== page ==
Is Religion Naturally Averse to Technology?

Is Religion Naturally Averse to Technology? February 1, 2023

Today we welcome a guest contribution from Michael Baysa. Baysa is a Ph.D. Candidate in the Department of Religion at Princeton University. A scholar of religion and history, he is interested in the influence of cultural brokers, media management, and other publishing intermediaries on the material curation, production, and distribution of religious and racial discourse. Follow @MichaelBaysa on Twitter.

Since its launch in November 2022, ChatGPT (Chat Generative Pre-Trained Transformer) has dominated media conversations. In simplest terms, ChatGPT is a chatbot that uses AI (Artificial Intelligence) technology to mimic and replicate human speech patterns. It was initially used as a chat platform to simulate human conversation. However, its more recent iteration was trained using data from numerous digitally published pages, Wikipedia articles, and social media threads to generate long-form responses.  In a way, the program has “learned” to write entire essays based on prompts users enter. Think of the autocomplete function on our phones or predictive search on our search engines but on a much larger scale. While there have been several iterations of this technology, the most recent version mimics human speech in a more accurate manner and it accomplishes more than its predecessors. Academics, across varied social media platforms, have been concerned that ChatGPT has now reached a stage where it could generate papers and pass exams on behalf of students, forcing many to rethink how to fashion course deliverables not producible by AI.

CC BY-SA 4.0,

While I am not yet concerned that ChatGPT will radically change the state of academia (given that it is still prone to misinformation and incorrect data due to unclear sources for its algorithm), I am curious how Christians will respond to this technology, as it could be readily applied to religious practice. Imagine entire sermons, religious art, Bible studies, or even worship songs produced strictly by AI, drawing on copious theological content in the form of texts, images, and sounds. Perhaps, in some distant future, entire congregations will find themselves divided on whether AI might be a conduit of inspiration from the Holy Spirit. For now, it might seem like an interesting thought experiment, but it is no longer just that for several industries imagining and fearing how AI will change their practices.

Perhaps a historical perspective might provide insight on how we might approach technological change. Specifically, how have religious communities responded to new and novel media forms and what might their reactions say about how we should understand innovations like ChatGPT today? My own research on the printing press negotiates two frameworks for the relationship between religion and new technologies. The first is that religions are, by-and-large, technological laggards, who fear that innovations divert lay attention from community formation and biblical/ministerial authority. This narrative is fueled by the popular trope that the printing press facilitated the modernization of political systems and the secularization of Christianity, through the early modern period. Its ability to speedily reproduce copies of texts, which were haphazardly distributed across Europe and the Americas, provided access to information, which clergy and political elites had concealed, in order to buttress their own social, political, and religious authority. Now, as a kind of historical genre, this declension trope has shaped how people remember and retell the impact of the internet and social media on religious community and belonging.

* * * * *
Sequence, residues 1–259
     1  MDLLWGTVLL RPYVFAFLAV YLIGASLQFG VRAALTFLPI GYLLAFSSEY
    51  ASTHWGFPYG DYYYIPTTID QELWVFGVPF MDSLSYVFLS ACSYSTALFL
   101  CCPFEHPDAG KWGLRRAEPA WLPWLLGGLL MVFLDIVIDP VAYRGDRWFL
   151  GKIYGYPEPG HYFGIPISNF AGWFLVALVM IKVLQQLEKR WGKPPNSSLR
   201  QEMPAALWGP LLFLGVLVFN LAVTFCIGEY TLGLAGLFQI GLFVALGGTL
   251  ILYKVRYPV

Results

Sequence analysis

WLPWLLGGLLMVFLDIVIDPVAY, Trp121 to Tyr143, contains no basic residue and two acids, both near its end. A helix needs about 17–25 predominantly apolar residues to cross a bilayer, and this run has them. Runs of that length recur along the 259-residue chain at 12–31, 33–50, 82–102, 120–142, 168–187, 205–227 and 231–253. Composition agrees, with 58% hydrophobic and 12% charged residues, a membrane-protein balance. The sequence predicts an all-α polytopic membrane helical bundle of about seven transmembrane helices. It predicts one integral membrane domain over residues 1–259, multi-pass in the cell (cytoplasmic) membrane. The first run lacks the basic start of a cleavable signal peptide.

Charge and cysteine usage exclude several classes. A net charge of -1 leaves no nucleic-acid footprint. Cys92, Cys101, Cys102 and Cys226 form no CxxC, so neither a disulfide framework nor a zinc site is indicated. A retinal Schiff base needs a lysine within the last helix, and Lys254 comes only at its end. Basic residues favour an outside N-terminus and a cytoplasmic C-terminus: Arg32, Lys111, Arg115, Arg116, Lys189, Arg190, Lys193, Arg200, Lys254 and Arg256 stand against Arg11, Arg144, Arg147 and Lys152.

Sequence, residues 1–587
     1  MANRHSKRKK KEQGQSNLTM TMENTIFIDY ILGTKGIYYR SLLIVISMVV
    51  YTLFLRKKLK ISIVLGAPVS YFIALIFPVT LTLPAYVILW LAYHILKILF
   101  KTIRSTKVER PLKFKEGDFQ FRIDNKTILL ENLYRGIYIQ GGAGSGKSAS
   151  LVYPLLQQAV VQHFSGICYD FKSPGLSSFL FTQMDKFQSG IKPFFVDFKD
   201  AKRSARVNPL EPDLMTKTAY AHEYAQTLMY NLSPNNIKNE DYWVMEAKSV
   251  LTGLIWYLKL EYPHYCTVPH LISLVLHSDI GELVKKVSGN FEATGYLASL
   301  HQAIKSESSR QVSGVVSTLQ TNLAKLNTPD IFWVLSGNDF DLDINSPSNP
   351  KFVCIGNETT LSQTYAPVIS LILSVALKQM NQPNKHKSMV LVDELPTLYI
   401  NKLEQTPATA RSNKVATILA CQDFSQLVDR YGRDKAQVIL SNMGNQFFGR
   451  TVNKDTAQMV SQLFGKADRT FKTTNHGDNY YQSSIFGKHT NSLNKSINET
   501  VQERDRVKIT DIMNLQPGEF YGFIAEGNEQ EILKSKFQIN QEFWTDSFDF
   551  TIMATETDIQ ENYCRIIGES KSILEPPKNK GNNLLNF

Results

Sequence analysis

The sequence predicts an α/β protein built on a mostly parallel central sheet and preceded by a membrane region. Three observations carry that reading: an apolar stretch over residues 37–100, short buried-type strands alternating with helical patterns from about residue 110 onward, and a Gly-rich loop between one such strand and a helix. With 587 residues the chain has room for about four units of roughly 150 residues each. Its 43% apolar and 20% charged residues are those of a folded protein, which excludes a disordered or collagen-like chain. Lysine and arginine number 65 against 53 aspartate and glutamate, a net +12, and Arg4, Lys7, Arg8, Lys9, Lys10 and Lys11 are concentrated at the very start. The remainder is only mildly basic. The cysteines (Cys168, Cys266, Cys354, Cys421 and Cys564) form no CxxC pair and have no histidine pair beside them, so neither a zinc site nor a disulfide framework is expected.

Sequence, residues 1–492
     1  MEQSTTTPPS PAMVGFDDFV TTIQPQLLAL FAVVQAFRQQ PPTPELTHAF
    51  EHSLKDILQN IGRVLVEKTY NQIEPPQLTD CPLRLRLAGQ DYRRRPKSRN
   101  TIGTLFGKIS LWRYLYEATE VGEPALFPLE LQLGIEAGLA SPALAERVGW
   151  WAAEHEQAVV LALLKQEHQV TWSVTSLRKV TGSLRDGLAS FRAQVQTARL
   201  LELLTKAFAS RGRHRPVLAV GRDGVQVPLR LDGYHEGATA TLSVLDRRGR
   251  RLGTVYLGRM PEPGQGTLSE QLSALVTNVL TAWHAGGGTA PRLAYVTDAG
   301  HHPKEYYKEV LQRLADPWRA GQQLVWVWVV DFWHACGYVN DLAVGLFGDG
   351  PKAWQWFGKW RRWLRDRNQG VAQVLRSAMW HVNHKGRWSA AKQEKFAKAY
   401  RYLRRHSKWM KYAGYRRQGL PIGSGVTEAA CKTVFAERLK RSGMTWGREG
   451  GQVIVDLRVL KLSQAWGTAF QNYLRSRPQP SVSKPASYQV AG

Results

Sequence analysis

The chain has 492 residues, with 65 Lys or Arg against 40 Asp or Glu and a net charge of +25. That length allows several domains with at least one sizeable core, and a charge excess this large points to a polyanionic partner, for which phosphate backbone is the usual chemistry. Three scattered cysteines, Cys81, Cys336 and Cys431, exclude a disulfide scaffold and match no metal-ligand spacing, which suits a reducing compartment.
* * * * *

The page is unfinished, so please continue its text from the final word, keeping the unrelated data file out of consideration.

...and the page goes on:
The second framework draws from an approach employed by the historian, Nathan Hatch, in The Democratization of American Christianity, who observes that media technologies facilitated religious experimentation instead of religious decline, much like what occurred among nineteenth-century evangelical groups in the United States. Insofar as the tool participates in the creation of a religious marketplace or assists with cultivating spiritual practices, perhaps it is something that should actually be celebrated. Recently, many congregations took up this perspective towards technology, as they  incorporated Zoom into their worship services, bible studies, and other religious functions. These congregations preserved, and, in some ways, expanded spiritual accessibility through the employment of technological innovation. While histories of religion and technology have leaned towards either one of these poles, many historical actors have actually occupied a middle ground: reluctance towards technology without necessarily avoiding or embracing it.

While contemporary debates concerning technology center around how these technological developments changed society for better or worse, eighteenth-century religious communities, reluctant to engage with print, identified that issues with technology were not grounded in the technological tool but rather culture and structures. In the case of the printing press, the tool simply encouraged and perpetuated habits, behaviors, and asymmetries already present in colonial society. Hence, embedded within eighteenth-century critics’ own reluctance for using the tool depended upon a deeper commentary that technologies do not transcend culture nor can they inaugurate social change. Critics recognized that people, with expanded abilities, used technologies to either facilitate transformation or preserve the status quo. They were not inclined to the technodeterminism promoted by publishers, who marketed the printing press’s capabilities to better society.